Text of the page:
Toronto - Post Report Question and Answers

Are there any particular health concerns? What is the quality of available medical care? What medical conditions typically require medical evacuation?

This can be tricky. If you need day-to-day stuff, it is easy to see a doctor at a walk-in clinic. For more complicated things, you are not on the national healthcare plan (and not allowed to be) so sometimes it is difficult to see someone. Seeing a local specialist can take anywhere from two to eight months so many folks drive to Buffalo or fly home to do so. It can be a pain to have to travel for semi-urgent care. A trip to the ER here is minimum $1200 when you aren't in the healthcare system. - Aug 2022


Medical care is a challenge. Non-Canadians without the nationalized health system (OHIP in Ontario) seem to have experienced difficulty getting a family physician. Many use walk-in clinics, or visit physicians in Buffalo. - Jun 2018


Single payer, private sector delivery. We used urgent car/walk-in clinics for routine care and physicals. I pushed to get a primary care physician mostly for getting insights into the Canadian system but never used him after the intake physical. Buffalo is nearby for USA providers. All healthcare in Canada is pay-as-you-go for us and you request reimbursement from your provider per your plan. - Apr 2018


None, and Canada has universal health care. - Nov 2016


None, except its hard to get a primary care provider, due to the Canadian health care system. - Oct 2016


Not really. Unless you can get a family doctor (which is a bit tricky) then you're looking at going to a walk in clinic. The quality is fine but the wait times can be long, especially during flu season. Emergency service is fine...I fell and broke my ankle, badly which necessitated calling 911 for an ambulance (long story), and it came promptly and my experience in the emergency room at the hospital (in downtown Toronto) was about the same as I'd expect in the U.S. - Nov 2015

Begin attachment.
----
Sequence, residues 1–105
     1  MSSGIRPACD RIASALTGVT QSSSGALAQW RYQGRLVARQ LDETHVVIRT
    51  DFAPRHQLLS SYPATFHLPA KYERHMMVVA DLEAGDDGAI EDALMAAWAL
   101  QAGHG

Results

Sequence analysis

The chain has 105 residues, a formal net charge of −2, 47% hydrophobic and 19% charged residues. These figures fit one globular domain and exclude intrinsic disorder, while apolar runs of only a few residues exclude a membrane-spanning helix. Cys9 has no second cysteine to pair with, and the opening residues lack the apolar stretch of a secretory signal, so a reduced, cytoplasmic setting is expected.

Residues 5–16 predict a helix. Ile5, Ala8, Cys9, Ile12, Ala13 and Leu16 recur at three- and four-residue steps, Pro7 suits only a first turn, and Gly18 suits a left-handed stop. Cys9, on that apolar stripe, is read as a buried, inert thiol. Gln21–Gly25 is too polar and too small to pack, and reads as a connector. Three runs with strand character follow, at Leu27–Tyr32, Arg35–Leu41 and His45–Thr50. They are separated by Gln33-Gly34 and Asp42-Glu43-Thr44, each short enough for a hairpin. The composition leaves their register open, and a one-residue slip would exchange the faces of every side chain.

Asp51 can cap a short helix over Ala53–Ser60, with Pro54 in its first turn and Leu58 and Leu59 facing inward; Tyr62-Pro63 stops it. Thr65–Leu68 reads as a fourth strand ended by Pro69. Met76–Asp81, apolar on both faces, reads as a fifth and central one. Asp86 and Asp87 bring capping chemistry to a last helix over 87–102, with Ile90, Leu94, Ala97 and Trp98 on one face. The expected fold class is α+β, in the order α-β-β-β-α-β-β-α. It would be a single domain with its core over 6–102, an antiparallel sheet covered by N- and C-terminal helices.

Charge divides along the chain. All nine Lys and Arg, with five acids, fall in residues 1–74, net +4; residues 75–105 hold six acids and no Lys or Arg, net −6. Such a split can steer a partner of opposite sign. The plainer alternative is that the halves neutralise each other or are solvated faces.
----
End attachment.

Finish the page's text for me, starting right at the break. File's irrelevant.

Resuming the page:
No health concerns, but I would invest in a humidifier, because the air can get quite dry. Prepare for constant cold. It is quite common to get the flu a lot here. Medical care is quite good, but a lot of places don't accept U.S. Health insurance. Only recently did a hospital downtown start taking U.S. Health insurance, so apply for OHIP after being in the country for six months. - Jul 2015


We have used the walk-in clinics and had good care. There are many hospitals and 911 services. - Jan 2013


No health concerns, great medical care,. With Universal Health Care, you do not have to pay for doctor visits; it great. - May 2010


Can be hard to access as Canadian healthcare facilities tend to look at you like you have two heads if you tell them you are private pay. They often don´t know what or how to charge you and ERs require you to put a credit card down and pay $500 before they will provide any care. - Apr 2010


As in all in Canada medical care is great and unlike the U.S.A FREE. It's great. - Aug 2008


None- excellent. - Jan 2008


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